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Added by an anon contributor, the -e looks wrong for a feminine noun in Lithuanian. --EncycloPetey 21:26, 6 October 2008 (UTC)

Added "Attention lt" DCDuring TALK 19:24, 14 November 2009 (UTC)
Also old rfv for English verb sense. See mote#Etymology 3. DCDuring TALK 19:50, 21 November 2008 (UTC)

Clocked out DCDuring TALK 19:17, 14 November 2009 (UTC)

Lithuanian: RFV failed, language section removed. (The correct spelling is motė, apparently.)
English: RFV failed, verb section removed, together with corresponding etymology.
RuakhTALK 22:03, 28 December 2009 (UTC)


Compare Spanish MATAR[4] to kill) that has been assimilated to Latin MACTARE (slaughter)[3], and Finnish MADAD[4] (to cut); both (if the former is of ancient antiquity) possibly of Punic origin[2], that is, the Spanish and Finnish lexemes, (if the latter word be borrowed), otherwise of Uralian origin[2]. Compare also Spanish MOTA[6], (small knot in fabric); Dutch MOT[6], (dust, sweepings)[6], and East Frisian MUT[6], (grit): all from the root of mattock (please see its Talk Page), {possibly akin to Basque MOTZ (short, cut, cut-off)[4] and MOZTE (clipping, cutting, shearing)[4] from MOZTU[7] (to cut, trim, shave, et cetera) Andrew H. Gray 09:39, 22 January 2019 (UTC) Andrew (talk)}; ultimately from √*MADA-[7], (to cut). Andrew H. Gray 10:04, 19 September 2015 (UTC) Andrew (talk)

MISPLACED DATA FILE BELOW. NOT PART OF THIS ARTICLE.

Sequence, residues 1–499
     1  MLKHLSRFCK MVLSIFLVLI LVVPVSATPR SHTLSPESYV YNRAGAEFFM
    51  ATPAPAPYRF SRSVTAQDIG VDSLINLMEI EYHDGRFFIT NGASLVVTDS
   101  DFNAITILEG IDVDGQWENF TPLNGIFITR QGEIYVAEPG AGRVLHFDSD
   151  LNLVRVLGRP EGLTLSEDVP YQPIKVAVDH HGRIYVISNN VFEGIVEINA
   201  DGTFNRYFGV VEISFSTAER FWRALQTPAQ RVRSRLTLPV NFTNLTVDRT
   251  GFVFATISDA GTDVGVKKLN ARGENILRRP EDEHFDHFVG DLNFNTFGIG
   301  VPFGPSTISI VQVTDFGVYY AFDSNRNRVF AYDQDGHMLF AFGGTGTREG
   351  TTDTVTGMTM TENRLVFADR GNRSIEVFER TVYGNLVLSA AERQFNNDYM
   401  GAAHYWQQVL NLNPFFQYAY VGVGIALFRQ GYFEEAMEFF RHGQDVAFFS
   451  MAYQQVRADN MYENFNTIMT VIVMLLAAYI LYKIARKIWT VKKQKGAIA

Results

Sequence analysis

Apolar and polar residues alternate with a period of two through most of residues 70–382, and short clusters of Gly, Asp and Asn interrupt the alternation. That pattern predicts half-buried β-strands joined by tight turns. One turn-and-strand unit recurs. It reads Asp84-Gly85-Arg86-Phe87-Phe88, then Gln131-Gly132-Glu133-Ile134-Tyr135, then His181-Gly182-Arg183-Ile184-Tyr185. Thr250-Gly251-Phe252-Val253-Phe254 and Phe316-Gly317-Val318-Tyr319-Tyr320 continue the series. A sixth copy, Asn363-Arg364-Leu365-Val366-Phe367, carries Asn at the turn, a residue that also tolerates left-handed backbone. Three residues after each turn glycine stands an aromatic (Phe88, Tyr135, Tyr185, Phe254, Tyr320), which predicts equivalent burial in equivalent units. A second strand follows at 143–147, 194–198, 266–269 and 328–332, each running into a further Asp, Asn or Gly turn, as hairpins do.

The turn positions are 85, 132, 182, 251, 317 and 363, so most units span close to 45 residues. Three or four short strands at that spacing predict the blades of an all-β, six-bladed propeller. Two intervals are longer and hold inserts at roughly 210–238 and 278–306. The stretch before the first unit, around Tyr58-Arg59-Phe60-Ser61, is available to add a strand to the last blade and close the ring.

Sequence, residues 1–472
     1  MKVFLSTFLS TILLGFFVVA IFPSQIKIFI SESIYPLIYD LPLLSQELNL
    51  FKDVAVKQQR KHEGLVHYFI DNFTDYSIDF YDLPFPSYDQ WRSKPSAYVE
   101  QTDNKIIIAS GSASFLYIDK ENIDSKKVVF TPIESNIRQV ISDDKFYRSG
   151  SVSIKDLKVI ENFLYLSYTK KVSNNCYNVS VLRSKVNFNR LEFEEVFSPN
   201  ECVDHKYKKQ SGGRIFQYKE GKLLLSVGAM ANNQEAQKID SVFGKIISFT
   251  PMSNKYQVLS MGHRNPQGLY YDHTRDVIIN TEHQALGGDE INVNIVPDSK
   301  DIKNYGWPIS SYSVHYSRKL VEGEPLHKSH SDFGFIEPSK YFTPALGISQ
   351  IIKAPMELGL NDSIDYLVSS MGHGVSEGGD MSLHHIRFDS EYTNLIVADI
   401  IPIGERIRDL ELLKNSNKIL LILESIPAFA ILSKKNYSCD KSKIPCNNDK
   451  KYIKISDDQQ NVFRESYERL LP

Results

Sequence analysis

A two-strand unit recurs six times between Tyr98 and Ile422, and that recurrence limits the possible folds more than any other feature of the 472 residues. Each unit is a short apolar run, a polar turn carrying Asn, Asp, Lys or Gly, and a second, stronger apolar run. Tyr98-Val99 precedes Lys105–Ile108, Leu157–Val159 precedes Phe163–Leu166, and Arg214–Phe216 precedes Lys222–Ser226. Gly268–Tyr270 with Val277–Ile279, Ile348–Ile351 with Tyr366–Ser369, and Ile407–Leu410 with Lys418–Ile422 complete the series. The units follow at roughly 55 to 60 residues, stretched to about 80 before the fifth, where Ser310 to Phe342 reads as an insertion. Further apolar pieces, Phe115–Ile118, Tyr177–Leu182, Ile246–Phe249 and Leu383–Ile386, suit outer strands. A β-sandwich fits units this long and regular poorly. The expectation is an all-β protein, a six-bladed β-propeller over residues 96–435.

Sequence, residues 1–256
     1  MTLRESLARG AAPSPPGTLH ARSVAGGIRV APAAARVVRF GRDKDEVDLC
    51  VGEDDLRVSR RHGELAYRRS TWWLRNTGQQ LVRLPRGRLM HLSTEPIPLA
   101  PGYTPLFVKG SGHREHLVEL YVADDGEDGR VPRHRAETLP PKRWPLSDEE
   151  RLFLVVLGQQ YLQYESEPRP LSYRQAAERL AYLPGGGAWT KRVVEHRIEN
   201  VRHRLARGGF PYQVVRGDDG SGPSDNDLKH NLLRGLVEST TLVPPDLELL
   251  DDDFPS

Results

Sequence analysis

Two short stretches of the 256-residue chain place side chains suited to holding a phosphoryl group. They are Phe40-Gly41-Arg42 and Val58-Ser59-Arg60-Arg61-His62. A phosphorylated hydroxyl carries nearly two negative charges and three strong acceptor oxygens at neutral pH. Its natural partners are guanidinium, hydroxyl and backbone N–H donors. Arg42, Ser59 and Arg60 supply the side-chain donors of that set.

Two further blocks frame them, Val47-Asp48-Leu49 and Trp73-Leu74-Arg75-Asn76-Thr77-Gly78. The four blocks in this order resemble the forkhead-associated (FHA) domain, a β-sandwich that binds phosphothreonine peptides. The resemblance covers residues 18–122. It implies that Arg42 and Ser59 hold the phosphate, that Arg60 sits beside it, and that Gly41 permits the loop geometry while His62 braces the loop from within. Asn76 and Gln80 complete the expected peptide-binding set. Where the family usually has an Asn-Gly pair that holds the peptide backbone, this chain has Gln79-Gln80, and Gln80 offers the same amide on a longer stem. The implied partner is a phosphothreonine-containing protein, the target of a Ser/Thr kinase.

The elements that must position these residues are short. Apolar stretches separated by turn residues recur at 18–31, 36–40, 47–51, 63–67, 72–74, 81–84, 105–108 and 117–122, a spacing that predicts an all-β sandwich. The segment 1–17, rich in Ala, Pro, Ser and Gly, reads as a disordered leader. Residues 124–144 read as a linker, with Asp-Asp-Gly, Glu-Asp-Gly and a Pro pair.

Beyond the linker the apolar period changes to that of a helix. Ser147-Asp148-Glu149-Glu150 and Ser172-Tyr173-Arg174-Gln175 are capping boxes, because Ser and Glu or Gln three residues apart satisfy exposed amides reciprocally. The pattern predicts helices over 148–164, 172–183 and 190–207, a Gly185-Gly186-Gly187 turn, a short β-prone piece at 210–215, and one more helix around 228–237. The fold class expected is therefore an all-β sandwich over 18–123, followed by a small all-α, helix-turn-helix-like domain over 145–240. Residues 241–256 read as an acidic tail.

The English mud is quite unrelated to mote. Andrew H. Gray 07:33, 30 September 2017 (UTC)Andrew (talk)

[0] means 'Absolutely not; [1] means 'Exceedingly unlikely'; [2] means 'Very dubious'; [3] means 'Questionable'; [4] means 'Possible'; [5] means 'Probable'; [6] means 'Likely'; [7] means 'Most Likely' or *Unattested; [8] means 'Attested'; [9] means 'Obvious' - only used for close matches within the same language or dialect, at linkable periods. √ means original or earliest root.

Etymology Logic[edit]

What you cite is of vital importance - my prior mistake showed that I should not have edited such a comparison that would have been totally illogical. I do not understand why I was so incourteous as not to have replied promptly at the time; therefore my due apologies! Andrew H. Gray 14:20, 23 August 2016 (UTC) Andrew (talk)